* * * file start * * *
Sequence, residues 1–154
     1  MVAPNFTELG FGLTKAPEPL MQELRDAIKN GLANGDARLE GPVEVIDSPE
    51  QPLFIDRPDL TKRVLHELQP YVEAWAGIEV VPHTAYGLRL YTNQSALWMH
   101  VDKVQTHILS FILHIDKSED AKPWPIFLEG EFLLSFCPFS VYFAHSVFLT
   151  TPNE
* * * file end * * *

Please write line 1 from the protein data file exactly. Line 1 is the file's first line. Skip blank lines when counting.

Sequence, residues 1–154